Improving dialogue: Two-way talk

The government wants employers to use dialogue to improve training and skills levels and is offering guidance. But some say this is all a bit simplistic.

It’s time to talk training. This is the latest skills message from the UK government, which has released a best-practice guide containing tips for improved dialogue within companies.

A joint initiative between the Department for Business Enterprise and Regulatory Reform, the Department for Innovation, Universities and Skills, the TUC and the Confederation of British Industry (CBI), ‘It’s Time to Talk Training’ says the benefits of a skills dialogue are improved quality, reduced error rates and higher productivity reduced staff turnover and absenteeism improved internal communication enhanced staff recruitment and induction and improved learning cultures.

The guide also considers whether dialogue about training should be distinct from other forms of dialogue.


All this theory is underpinned by 10 case studies, detailing how a range of organisations – both unionised and non-unionised – have established and sustained an effective training dialogue with their workforce. The case studies, based on specially commissioned research from Leeds University Business School, claim to show what is involved and what benefits have resulted.

According to the report, all 10 boast very different characteristics. They operate across different regions and various sectors, and the workforces have a range of skills profiles. They include small businesses – 16 employees – as well as global and national organisations.

Richard Wainer, head of education and skills policy at the CBI, describes ‘It’s Time to Talk Training’ as a good, rather than a best, practice guide, which can help employers understand the value of getting their workforce involved in training.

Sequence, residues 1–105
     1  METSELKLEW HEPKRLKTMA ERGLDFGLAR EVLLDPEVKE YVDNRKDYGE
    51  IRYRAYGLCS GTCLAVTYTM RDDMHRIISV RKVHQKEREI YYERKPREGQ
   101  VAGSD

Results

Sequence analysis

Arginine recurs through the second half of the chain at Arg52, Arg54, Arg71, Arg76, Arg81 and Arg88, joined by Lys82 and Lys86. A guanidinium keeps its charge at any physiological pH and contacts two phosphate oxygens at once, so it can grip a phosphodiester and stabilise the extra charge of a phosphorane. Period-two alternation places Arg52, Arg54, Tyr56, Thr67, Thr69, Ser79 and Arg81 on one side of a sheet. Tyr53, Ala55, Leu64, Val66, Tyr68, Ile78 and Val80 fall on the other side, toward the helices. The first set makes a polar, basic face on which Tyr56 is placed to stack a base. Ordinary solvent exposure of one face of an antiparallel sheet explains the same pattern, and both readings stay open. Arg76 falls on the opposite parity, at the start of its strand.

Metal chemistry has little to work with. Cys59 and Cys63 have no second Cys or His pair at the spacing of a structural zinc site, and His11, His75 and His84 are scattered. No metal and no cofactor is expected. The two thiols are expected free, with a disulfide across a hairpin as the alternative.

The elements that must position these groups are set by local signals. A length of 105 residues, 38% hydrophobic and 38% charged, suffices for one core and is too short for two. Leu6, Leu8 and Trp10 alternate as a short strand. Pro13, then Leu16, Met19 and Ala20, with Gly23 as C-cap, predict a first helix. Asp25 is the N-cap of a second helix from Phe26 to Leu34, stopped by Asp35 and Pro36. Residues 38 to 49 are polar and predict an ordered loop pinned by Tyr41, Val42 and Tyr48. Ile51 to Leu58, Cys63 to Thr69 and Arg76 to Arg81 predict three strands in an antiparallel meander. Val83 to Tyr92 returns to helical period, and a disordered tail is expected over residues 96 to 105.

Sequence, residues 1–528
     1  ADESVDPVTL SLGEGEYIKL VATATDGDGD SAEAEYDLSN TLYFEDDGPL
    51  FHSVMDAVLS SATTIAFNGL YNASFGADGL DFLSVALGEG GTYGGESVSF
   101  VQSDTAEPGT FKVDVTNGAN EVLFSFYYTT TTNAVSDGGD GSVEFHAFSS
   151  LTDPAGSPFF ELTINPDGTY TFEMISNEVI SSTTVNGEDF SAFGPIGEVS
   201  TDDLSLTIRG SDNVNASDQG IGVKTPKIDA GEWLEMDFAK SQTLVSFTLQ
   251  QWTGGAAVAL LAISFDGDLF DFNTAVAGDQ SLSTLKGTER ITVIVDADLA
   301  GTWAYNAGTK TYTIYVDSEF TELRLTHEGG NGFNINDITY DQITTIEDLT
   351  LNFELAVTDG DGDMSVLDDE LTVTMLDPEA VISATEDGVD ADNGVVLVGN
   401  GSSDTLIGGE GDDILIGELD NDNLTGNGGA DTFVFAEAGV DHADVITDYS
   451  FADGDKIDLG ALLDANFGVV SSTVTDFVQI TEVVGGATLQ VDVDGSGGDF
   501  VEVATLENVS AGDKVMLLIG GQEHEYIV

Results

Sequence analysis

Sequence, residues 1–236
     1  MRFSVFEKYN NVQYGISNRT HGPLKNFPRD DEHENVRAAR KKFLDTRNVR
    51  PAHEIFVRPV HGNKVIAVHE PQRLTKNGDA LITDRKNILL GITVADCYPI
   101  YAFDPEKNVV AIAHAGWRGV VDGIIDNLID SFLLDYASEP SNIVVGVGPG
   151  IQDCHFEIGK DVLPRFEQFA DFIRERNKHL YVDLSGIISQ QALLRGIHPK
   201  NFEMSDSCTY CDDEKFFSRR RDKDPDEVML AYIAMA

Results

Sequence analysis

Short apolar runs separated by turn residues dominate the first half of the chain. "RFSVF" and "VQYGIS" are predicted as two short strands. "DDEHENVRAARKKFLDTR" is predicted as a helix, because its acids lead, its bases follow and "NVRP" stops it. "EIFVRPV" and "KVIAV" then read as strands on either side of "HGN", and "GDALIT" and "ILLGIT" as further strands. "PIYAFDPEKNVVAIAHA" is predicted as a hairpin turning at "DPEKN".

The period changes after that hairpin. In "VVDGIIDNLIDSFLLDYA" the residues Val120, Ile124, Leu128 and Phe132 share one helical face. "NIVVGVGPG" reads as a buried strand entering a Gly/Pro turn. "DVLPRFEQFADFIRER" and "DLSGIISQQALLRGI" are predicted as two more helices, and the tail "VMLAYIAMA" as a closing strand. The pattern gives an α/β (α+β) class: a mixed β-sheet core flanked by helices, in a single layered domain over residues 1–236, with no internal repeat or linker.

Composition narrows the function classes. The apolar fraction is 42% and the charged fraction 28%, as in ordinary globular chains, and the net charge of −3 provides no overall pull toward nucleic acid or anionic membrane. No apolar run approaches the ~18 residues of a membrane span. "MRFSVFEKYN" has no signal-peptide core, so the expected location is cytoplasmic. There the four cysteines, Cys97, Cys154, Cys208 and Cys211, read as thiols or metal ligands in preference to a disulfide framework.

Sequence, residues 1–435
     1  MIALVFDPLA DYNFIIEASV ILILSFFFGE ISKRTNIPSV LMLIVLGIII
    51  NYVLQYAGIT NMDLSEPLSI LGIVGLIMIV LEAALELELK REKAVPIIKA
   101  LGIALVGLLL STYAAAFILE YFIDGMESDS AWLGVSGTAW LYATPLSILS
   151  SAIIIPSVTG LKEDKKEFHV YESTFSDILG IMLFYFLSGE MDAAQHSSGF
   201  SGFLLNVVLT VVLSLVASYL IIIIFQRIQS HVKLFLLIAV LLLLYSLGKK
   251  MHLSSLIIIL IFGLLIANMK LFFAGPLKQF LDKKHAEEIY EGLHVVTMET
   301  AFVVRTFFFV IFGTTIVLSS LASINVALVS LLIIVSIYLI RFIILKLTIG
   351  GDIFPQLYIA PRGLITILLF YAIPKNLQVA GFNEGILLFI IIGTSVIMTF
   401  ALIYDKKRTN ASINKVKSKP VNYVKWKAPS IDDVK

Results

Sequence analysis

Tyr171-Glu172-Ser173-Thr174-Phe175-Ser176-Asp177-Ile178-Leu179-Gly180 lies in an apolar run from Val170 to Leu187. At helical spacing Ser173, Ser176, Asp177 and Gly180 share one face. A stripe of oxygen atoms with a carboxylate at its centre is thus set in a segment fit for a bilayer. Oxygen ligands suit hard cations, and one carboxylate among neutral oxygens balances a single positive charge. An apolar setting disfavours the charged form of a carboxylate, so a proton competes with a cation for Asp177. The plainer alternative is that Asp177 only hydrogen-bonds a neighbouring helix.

“Clearly, a lot of businesses recognise the huge value that comes from this, but it might inspire them to try these things,” he explains.

“In terms of employee involvement, I don’t really think the training focus has been done before. The message is that employee involvement isn’t a one-size-fits-all strategy – as the case studies clearly show. What works for one company won’t work for another, so we’ve included a spread of organisations to try and show whatever business you are there are a range of ways you can involve your employees in training.”


Having reviewed the booklet, Karen Velasco, managing director of PeopleSolve and a director of the British Institute for Learning and Development, applauds what she terms an “excellent best practice guide”.

But she adds that the document, which she says is simplistic at times, will not be viewed as ground-breaking by any companies that have already gone down the Investors in People route.

In fact, Velasco says the stated benefits of dialogue could refer to just about any aspect of training and could have been thought-through a little more carefully. “The case studies are excellent though – and feature a wide variety of organisations,” she says. “Some of the points – such as measuring the return on investment from training activities – are also vital, and I think there’s a nice cross-section of organisations, both small and large, public and private.”